Mourning Winn, the name of both women and men that may or may not be ancestors in our family tree, has perplexed me for some time now.
I had her descended from Edmund Bacon, the notable English nobleman who migrated to the New World in the 17th Century. If the Bacon theory held, it would have taken our tree well into the Middle Ages. Mr. Bacon even has pictures! But this lead turned out to be a false one!
Along comes PJ Sisseck, who I am convinced is our distant blood cousin, also descended from Mourning Winn. Here's what I know . . .
* There is a Mourning Winn in our ancestry. And she is a woman.
* There also are other Mourning Winns, that have found their way into trees that could feasibly link to ours: One born in 1763, also a woman, with a line that goes to Mr. Bacon. But there are male Mourning Winns, and I have dismissed them, and other women, from any of my theories.
* Mourning Winn married a man named either James Glenn, or James Gunn. This lack of clarity also adds to the confusion. We are going with the James Glenn theory.
PJ has done ample research into Mourning Winn. She knows the true info from the false. I consider her our resident Mourning Winn expert. As we progress through this research, we come into contact with many, many others, with lines tracing to someone named Mourning Winn. These two are potential cousins, and my study so far indicates that all of these people represent many different lines processing from Mourning Winn, our Mourning Winn.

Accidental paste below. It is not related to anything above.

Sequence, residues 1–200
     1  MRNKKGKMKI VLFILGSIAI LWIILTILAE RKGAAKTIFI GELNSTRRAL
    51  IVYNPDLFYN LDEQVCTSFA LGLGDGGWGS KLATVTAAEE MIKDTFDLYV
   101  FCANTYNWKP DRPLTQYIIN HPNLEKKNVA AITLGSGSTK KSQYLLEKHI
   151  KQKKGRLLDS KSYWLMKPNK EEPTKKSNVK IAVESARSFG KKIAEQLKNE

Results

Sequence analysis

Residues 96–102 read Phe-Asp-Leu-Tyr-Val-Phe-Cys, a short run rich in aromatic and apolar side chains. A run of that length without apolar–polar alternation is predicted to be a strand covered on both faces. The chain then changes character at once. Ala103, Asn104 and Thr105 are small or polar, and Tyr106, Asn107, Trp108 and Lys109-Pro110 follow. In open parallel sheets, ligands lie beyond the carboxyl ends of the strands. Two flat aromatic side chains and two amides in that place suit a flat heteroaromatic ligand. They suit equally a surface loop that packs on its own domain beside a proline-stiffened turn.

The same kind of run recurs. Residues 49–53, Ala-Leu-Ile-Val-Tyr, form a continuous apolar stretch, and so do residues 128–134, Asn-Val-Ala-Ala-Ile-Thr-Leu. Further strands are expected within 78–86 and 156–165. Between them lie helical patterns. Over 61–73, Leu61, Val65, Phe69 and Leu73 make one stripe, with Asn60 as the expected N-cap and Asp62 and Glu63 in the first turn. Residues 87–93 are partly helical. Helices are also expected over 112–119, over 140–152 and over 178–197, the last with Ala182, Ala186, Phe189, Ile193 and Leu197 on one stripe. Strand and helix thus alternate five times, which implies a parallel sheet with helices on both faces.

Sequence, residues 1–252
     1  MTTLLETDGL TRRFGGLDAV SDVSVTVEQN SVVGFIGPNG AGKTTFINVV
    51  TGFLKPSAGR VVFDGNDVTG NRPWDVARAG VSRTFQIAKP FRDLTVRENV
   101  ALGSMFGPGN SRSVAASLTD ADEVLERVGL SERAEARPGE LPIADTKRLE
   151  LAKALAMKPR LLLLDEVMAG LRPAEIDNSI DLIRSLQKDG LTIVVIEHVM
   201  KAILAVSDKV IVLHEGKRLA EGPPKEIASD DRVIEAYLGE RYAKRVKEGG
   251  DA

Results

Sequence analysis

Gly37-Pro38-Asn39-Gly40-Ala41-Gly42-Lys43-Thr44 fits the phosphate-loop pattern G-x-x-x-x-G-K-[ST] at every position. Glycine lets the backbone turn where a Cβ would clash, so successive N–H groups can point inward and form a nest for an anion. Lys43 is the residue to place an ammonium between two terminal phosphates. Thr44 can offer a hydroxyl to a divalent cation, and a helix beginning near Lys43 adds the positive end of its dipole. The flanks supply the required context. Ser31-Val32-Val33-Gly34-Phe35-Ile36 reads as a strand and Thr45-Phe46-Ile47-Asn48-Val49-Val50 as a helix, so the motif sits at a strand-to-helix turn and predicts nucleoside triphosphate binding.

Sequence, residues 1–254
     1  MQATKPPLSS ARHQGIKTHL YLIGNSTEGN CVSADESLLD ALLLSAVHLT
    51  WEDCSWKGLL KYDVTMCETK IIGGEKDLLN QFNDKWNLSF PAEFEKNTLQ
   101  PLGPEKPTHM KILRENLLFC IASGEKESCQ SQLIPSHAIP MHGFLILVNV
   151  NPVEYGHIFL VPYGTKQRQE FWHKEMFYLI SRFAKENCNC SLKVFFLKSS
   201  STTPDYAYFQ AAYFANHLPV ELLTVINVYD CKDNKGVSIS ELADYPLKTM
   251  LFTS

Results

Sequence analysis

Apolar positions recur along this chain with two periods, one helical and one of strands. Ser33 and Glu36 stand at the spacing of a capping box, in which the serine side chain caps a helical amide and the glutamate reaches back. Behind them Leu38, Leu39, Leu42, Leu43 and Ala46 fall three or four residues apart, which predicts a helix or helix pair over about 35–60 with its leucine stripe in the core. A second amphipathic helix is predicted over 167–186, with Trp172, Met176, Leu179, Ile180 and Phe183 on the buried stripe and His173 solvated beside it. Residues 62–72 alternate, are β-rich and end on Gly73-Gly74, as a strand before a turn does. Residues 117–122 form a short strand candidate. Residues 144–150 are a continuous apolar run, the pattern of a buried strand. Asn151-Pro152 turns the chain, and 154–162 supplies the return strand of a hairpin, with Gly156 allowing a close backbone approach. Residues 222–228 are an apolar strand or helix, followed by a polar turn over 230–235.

This latest, most reliable Mourning Winn theory, courtesy of cousin PJ, makes her the end of the line for us. That is, we know very little about her parents. She was born in Virginia in 1668. Her mother's name was, likely, Catherine. We do not know about her father. Settlers of Accomack County, Virginia, we easily conclude that her family were Scotch immigrants, like so many others in that region - like Mourning's eventual husband, Mr. Glenn, who was himself born in Scotland.
The imagination takes off. Did her father die on the voyage to the New World? Did he die in Scotland, thus prompting Catherine to carry Mourning and other possible siblings to a new life? Was she half native American? Was Catherine Native American?
If Scottish, was Mourning from Stirlingshire, the homeland of the Glenns?
And isn't the name itself, "Mourning Winn," just a little bit tantalizing?
She died in 1750, in Virginia. She and James had four children of which we are aware: James, David, Mourning and Tyree. For most readers of this blog, descendants of Elias Martin, the ancestral line goes as follows:
Mourning Winn, 1668-1750, mother of,
Mourning Glenn, 1702-1775, mother of,
Christopher Harris, 1725-1794, father of,
Sarah Harris, 1747-1796, mother of,
Obediah Martin, 1770-1822, father of,
Elias Martin . . .
. . . and the rest is history.